Pamela Cevallos is a Quito-based artist, anthropologist, and curator. Her work explores the social life of things, including collecting practices and the use of archives. She has researched the history of national museums in Ecuador and the process of heritage-making during the 20th century. Since 2015, Cevallos has worked with the La Pila community around the memories and knowledge of artisans that create archaeological replicas. She is the recipient of the New Mariano Aguilera Prize (2017) and the Paris Prize of the XV Cuenca Biennial (2021). She is a professor at the Visual Arts School of the Pontifical Catholic University of Ecuador.


Maya Wilson-Sanchez is a curator and writer based in Toronto and New York. She is interested in processes of history-making and building connections between local and international communities to foster networks of exchange and solidarity. The 2020 recipient of the Middlebrook Prize for Young Canadian Curators, Wilson-Sanchez was a 2021 participant at the Tate Intensive in London, UK. She curated Intra-Action: Live Performance Art (2016, 2017) at Xpace Cultural Centre; Living Room (2017) at the Royal Ontario Museum; DIY Love: Queer Knowledge & History Then, Now, and Forever (2017) at Pride Toronto; Grounding (2020) at the Art Gallery of Guelph; and most recently served as one of the main curators for Toronto’s Year of Public Art, curating the 2021-2022 exhibition series I am land.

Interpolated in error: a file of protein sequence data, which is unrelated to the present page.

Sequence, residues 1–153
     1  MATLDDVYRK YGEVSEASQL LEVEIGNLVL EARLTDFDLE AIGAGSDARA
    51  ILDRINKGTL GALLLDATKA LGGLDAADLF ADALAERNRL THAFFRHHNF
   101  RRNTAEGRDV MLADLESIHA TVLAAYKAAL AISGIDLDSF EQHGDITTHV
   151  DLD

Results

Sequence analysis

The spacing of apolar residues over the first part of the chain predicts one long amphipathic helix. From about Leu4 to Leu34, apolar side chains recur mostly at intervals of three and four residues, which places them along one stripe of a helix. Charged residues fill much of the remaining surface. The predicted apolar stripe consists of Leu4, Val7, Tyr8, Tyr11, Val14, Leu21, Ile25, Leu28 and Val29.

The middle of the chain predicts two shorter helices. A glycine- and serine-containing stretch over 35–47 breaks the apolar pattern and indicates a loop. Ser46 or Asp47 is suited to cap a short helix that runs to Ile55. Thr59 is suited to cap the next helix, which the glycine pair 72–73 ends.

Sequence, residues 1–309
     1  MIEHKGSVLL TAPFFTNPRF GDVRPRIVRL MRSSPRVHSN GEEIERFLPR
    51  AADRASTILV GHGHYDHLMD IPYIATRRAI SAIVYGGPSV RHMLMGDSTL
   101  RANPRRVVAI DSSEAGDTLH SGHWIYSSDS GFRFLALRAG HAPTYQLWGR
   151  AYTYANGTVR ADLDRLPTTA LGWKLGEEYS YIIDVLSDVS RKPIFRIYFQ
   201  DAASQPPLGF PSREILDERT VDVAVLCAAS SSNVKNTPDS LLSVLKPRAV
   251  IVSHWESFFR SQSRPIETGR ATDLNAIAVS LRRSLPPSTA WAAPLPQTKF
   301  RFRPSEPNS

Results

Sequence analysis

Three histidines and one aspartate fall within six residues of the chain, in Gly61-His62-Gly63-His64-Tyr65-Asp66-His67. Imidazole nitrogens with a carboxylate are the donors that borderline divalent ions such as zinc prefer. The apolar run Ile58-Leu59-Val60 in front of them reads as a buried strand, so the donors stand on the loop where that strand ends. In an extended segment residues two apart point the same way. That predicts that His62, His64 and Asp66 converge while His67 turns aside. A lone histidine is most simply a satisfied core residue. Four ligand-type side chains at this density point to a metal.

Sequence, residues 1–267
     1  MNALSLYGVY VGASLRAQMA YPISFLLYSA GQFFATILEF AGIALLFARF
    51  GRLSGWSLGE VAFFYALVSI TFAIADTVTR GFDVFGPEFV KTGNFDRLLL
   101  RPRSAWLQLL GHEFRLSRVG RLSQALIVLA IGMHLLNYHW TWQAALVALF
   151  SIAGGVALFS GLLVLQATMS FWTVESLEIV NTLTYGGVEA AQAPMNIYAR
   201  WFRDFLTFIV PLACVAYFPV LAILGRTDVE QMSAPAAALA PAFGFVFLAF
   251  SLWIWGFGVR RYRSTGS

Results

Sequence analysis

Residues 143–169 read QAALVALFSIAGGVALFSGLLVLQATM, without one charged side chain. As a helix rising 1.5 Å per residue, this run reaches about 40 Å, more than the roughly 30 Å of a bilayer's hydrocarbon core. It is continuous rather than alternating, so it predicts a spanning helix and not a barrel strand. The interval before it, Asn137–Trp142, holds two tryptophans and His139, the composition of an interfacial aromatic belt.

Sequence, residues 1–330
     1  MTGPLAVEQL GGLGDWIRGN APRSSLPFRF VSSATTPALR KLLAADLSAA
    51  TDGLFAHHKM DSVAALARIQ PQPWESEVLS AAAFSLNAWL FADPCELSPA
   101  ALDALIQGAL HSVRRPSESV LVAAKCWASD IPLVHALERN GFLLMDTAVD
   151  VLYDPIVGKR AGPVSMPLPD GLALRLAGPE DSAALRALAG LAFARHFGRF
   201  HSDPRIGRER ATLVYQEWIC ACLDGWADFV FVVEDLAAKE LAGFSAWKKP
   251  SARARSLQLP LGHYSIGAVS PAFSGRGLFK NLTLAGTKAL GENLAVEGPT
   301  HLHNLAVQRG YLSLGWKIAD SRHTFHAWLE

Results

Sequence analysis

Javier Rivera, Male Effigy Figure, earthenware, 2022


The Gardiner Museum brings together people of all ages and backgrounds through the shared values of creativity, wonder, and community that clay and ceramic traditions inspire.

The Gardiner Museum’s collection of ceramics comprises approximately 4,000 objects, and focuses on specific areas which have been collected in depth. These include the most important collection of European porcelain in Canada, with particular strengths in Meissen, Vienna, and Hausmaler decorated porcelain, as well as a comprehensive collection of figures inspired by the commedia dell’arte. It holds the best collection of Italian Renaissance maiolica in Canada, and a superb collection of English tin-glazed pottery. The Gardiner preserves highly significant collections of ceramics from the Ancient Americas, Chinese blue and white porcelain, Japanese porcelain, and contemporary Canadian ceramics. It also houses a research library and archives, clay studios, award-winning Shop, and a restaurant.

The Gardiner Museum is among the few museums in the world focused on ceramics, and is one of the world’s most notable specialty museums. For more information, please visit:


The Gardiner Museum is an accessible venue with a ramp from the street leading up to the main lobby entrance. The entrance is accessible via two sets of double doors with an access button. Accessible restrooms are available on the second and third floors. Third floor washrooms are also gender neutral.

The Gardiner strives at all times to provide goods and services in a way that respects the dignity and independence of people with disabilities. We are committed to giving people with disabilities the same opportunity to access and benefit from our services in the same place and in a similar way as other customers whenever possible. We welcome your feedback.


Gardiner Museum